With D’Angelo Russell, the Minnesota Timberwolves aimed for the big coup in summer 2019. The Point Guard ended up with the Warriors, Minnesota went away empty-handed. Instead of a spirit of optimism, sobriety spreads in the far north.
Minnesota Timberwolves: The Transactions
The Timberwolves presented the most important new addition on May 1: Gersson Rosas took over the role of President of Basketball Operations and thus the reins in the front office after the era Tom Thibodeau came to an abrupt end last season.
To start the new job, Rosas obviously wanted to set off a blast. Shortly before the official launch of the Free Agency, the Timberwolves were considered a favorite of D’Angelo Russell. When it became clear that Kyrie Irving would replace the point guard at the Nets, the Wolves fans were already preparing a bottle or two of champagne – but the Warriors put Rosas through the drain.
By sign-and-trade, D-Lo switched to the Bay Area instead of to the far north. Despite the disappointment, Minnesota snuck into the deal and secured the services of Shabazz Napier and Treveon Graham from the Nets instead of the main prize. Subsequently, Rosas made several smaller deals to address the depth of the team.
For example, Noah Vonleh (1 year, $ 2 million) and Jordan Bell (1 year, $ 1.6 million) signed short-term contracts; Jake Layman was committed for three years and $ 11.3 million. Not too big names, he came in the draft a few weeks earlier.
Rosas converted her own pick per trade with the Suns into the 6th pick to secure Texas Tech Guard Jarrett Culver. In return, Minnesota had to drop Dario Saric and the 11th pick (Cameron Johnson) towards Phoenix. In addition to Saric, Taj Gibson (Knicks), Derrick Rose (Pistons), Anthony Tolliver (Blazers) and Tyus Jones (Grizzlies) also left the franchise in the summer.
Minnesota Timberwolves: the most important dates 2018/19
|Balance Regular Season||Offensive rating||Defensive rating||Net rating|
|36-46 (11th place in the west)||110.6 (13.)||112.2 (24.)||-1.6 (23.)|
Minnesota Timberwolves: The Strategy
Rosas aggressively went to his first free agency with the Timberwolves. The goal was clear: A star was to be found who, alongside franchise player Karl-Anthony Towns, should lead the team into what is hopefully a glorious future.
Russell appeared as a point guard with proven scoring skills and, not to forget, a good friend of the center as the perfect piece of the puzzle, so his commitment was a top priority.
After the basket of the 23-year-old, the Wolves fans had to settle for less glamorous role players. However, the Timberwolves were keen not to sacrifice any financial scope for the future with the new commitments.
Jeff Teague’s contract, which will receive $ 19 million in 2019/20, will expire next summer. The free agency market is then manageable and it will take a while for Gorgui Dieng’s contract (2 years, $ 33.5 million) to be deleted from the books. Not to mention Andrew Wiggins
The Minnesota Timberwolves squad
|Point guard||Shooting guard||Small forward||Power forward||center|
|Jeff Teague||Josh Okogie||Andrew Wiggins||Robert Covington||Karl-Anthony Towns|
|Shabazz Napier||Jarrett Culver||Jake Layman||Noah Vonleh||Gorgui Dieng|
|Treveon Graham||Keita Bates-Diop||Naz Reid||Jordan Bell|
Minnesota Timberwolves: The weak points
A good two years ago, Wiggins received an early contract extension for five years and $ 147.8 million, which the 2014 No. 1 pick gratefully accepted. However, the Timberwolves were far from happy with this deal.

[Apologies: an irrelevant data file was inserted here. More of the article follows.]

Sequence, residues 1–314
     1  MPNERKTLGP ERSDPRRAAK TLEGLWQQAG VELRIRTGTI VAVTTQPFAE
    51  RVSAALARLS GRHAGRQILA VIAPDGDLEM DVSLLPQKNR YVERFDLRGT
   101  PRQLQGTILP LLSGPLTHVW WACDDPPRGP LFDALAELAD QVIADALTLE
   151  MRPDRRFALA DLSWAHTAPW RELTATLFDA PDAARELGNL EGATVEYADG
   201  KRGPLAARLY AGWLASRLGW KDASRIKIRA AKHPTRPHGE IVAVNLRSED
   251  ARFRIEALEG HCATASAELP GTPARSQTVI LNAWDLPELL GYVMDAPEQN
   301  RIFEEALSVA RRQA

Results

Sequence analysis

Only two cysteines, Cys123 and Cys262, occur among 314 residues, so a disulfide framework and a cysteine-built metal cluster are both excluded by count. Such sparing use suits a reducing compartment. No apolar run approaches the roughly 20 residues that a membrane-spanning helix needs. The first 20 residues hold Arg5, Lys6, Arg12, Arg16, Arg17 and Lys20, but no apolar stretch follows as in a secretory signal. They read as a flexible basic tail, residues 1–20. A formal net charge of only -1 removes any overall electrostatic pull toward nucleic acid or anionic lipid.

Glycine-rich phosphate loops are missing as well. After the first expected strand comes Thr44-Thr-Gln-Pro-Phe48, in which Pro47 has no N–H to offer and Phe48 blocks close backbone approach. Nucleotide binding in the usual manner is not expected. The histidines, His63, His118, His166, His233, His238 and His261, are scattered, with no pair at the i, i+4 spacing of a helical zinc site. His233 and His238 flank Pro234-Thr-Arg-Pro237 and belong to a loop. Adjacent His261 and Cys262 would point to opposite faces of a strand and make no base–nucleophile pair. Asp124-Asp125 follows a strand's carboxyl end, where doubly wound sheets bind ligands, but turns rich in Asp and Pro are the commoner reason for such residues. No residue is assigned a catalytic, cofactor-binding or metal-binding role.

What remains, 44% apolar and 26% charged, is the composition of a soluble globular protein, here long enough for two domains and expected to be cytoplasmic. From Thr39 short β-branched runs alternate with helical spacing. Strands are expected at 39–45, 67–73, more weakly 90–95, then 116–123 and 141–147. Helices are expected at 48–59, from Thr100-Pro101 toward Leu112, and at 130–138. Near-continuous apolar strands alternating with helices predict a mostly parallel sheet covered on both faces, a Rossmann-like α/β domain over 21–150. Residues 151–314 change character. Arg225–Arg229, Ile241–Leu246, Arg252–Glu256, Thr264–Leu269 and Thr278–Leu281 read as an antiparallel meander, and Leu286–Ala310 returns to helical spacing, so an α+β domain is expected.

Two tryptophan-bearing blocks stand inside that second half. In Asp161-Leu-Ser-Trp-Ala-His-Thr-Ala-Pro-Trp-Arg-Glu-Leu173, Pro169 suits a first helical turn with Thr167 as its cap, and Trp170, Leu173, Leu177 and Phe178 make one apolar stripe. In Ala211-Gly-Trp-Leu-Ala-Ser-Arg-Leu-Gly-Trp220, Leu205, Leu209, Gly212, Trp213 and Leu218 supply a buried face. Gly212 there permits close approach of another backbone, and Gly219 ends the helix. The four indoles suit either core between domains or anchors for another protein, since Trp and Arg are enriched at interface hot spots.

Wiggins has so far been unable to justify his enormous salary, but will remain tied to the franchise until 2023. In the offseason speculation about a possible trade was circulating, Minnesota would probably have to give up some additional assets in a potential deal. For a star in return, Minnesota would have pulled the Wiggins ripcord. But now it seems most likely that the franchise will have its former hope for a few more years.
That’s why Minnesota didn’t have many options left in the Free Agency. The new ones provide depth, whether they really make the team better compared to the graduates Rose, Gibson and Co., but is questionable. In terms of shooting, there should still be a shortage, there are also holes in the defense.
Minnesota Timberwolves: The beacon of hope
For a long time, Wiggins and Towns were considered a promising duo, but hopes now rest almost exclusively on KAT. Nobody really seems to believe that Wiggins can change his career in Minnesota again.
In the person of Towns, the Wolves have one of the best Big Man in the league on the team. Towns has not been as dominant in the past two years as it was at the beginning of his career (it was not for nothing that the 30 general managers voted him the best center in the league in 2017), but since Ryan Saunders was taken over as interim coach, he has been tweaking his statistics and his Efficiency back up.
In summer, the Timberwolves deleted the first part of Saunder’s job title and made the only 33-year-old the “real” head coach. It should help to let Towns’ talent unfold completely. Saunders will have a similar task at Culver. The 20-year-old is considered a variable scorer who can do a little bit of everything. In the long term, it could become the second option alongside KAT.
Minnesota Timberwolves: The conclusion
The Timberwolves need another star alongside Towns to make the most of the upcoming 23-year-old’s prime. Wiggins cannot fill this role, Russell obviously did not want it – the basket of the new Warriors star was painful.
Instead of a mood of optimism, sobriety in Minnesota spread in the offseason. In the highly competitive West, where many teams have improved over the summer, the Wolves failed to do just that. Team President Rosas avoided gross mistakes, but he did not succeed in the longed-for home run.
The grade: 4